Making Agile work for everyone involved
Today’s post was originally created in response to a question posed in an Agile Business Yahoo Group that I belong to. The question had to do with the relationship between software providers (like b2b2dot0 and SAP) and their customers during projects. It garnered enough interest in the Agile community that I thought I’d make it available to the readers of this blog…so here it is.
As an owner of a software company, I am both a deliverer and recipient of Agile services. I guess that makes me schizophrenic 🙂
My personal confession is that I’ve enjoyed delivering the Agile message as a service provider a lot more than I’ve enjoyed receiving it as a customer.
As a provider, it suits me well to convince you that we need to “explore together”. That we should use iterations, collaborations and demo reviews as tools to keep us on track. That I’ll use continuous integration to make sure we always have a running code base. We’ll both focus on delivering the maximum value with the smallest amount of effort (aka cost and time). You’ll only pay me for the time I spend “exploring” with you.
Nice. Little risk on my part. Guaranteed revenue stream. You own the results.
As a customer, I want your skin in the game. I hate hearing the word “exploration” and the open-endedness of the exercise doesn’t do me any good when I have to minimize my costs on one end and satisfy my customers on the other. I need reliable projections, dedicated resources and commitment of heart and soul to go beyond just “what I tell you to do”. Besides, deep down inside I’m not really sure of what I want…I need your subject matter expertise and experience…not just your code slinging abilities, or Agile process mastery.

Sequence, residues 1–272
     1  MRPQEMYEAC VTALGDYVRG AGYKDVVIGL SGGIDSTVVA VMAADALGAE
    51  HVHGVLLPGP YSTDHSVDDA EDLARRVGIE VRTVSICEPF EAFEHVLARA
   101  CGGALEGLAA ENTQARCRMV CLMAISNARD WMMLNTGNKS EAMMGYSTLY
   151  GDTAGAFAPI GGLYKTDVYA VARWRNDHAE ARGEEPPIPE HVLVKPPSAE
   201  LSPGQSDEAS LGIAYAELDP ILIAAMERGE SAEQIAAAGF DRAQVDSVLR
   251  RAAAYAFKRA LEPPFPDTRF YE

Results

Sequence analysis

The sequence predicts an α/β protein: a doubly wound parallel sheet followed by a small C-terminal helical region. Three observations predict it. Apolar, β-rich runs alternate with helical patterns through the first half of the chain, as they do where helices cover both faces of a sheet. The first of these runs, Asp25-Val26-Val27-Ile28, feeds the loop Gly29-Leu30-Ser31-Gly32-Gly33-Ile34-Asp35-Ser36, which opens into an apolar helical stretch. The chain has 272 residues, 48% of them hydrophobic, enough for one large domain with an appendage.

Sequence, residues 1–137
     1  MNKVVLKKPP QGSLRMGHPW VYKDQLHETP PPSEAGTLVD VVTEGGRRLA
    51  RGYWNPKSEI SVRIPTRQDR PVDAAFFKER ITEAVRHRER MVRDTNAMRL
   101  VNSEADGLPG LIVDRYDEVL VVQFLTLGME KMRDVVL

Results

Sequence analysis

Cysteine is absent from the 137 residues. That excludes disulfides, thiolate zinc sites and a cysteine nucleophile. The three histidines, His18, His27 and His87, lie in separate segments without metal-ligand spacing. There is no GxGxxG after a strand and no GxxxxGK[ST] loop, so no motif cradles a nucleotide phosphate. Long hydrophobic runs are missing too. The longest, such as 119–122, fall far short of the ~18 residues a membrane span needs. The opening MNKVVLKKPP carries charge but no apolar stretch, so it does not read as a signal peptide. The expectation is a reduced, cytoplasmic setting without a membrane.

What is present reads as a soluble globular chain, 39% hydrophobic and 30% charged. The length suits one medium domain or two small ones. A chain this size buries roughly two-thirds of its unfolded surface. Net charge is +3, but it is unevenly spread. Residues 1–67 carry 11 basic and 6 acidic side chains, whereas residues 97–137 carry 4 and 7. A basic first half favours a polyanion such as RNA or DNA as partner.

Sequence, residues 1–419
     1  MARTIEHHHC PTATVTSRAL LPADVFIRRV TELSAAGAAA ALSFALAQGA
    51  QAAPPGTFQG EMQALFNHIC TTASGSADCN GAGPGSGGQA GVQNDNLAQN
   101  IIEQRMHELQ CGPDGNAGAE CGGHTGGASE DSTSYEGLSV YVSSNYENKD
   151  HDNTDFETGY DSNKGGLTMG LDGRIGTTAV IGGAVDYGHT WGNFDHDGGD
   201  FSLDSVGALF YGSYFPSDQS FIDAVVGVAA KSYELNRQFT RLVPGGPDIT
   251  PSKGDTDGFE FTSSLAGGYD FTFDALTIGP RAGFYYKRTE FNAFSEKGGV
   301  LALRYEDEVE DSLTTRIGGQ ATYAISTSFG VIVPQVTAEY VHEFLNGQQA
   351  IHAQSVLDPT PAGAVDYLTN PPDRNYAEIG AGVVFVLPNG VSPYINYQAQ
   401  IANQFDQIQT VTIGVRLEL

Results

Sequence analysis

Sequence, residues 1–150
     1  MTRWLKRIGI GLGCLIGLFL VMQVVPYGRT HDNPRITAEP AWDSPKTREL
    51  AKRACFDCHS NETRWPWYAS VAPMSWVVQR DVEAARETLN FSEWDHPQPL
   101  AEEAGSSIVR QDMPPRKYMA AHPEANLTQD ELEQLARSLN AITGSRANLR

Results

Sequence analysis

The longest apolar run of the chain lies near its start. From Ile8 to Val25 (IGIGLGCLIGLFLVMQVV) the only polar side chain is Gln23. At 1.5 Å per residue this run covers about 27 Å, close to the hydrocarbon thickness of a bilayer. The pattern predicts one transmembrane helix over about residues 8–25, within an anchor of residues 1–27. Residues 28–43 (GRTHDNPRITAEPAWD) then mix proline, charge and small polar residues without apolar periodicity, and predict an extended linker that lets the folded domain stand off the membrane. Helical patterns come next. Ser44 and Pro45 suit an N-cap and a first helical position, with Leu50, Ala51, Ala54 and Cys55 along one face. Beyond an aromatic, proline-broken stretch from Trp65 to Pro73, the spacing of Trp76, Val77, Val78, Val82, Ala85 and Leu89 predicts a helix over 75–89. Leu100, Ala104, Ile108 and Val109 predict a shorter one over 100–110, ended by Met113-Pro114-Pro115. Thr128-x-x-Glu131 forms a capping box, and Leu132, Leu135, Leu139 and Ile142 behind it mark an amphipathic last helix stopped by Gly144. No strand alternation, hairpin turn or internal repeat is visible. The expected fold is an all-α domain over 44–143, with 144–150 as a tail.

My solution is that every project I do with my clients is now fixed price and fixed time. I guess that only leaves scope as the manageable variable, which is really a much more comfortable topic to negotiate than money and deadlines. I’m trying to get all of my vendors and subcontractors to do the same with the projects that I solicit.
Fixed price fixed time (FPFT) projects create the perfect dynamic for me. Both of us need to really get started with the end in mind and keep projects as short as possible. How will we declare victory and what do we need to do to get it done within 90 days? Not a lot of front loaded training required for that one.
I then introduce my methodology which is basically “we’re going to threaten to put your system into production” every X weeks (where X usually equals 2) and you need to assemble a customer team that tells us “why they can’t use it”. We’ll take those “cant’s”, review and prioritize them, and include as many of them as we can, as long as we don’t slip our date. It’s fixed price so you don’t have to worry about scope creep. We’ll tell you what the tradeoffs need to be.
That’s it. No other discussions about “real Agile”, “cowboy Agile”, blah blah blah.
How do we fare? With respect to profitability, sometimes we win and sometimes we lose. With respect to client satisfaction, we never lose. What that means is that in the long term (we’ve been doing this for three years now) we always win because our client’s always get what they want and are very conscious of the role they’ve played in making that happen…or not.
Bottom line. I don’t think we need to train customers how to participate in an Agile project. For them, it’s natural. Who wouldn’t want to evaluate a production ready system every two weeks? We need to train ourselves to spend less energy teaching our customers all of the things we’ve learned about the Agile process and just “do it”!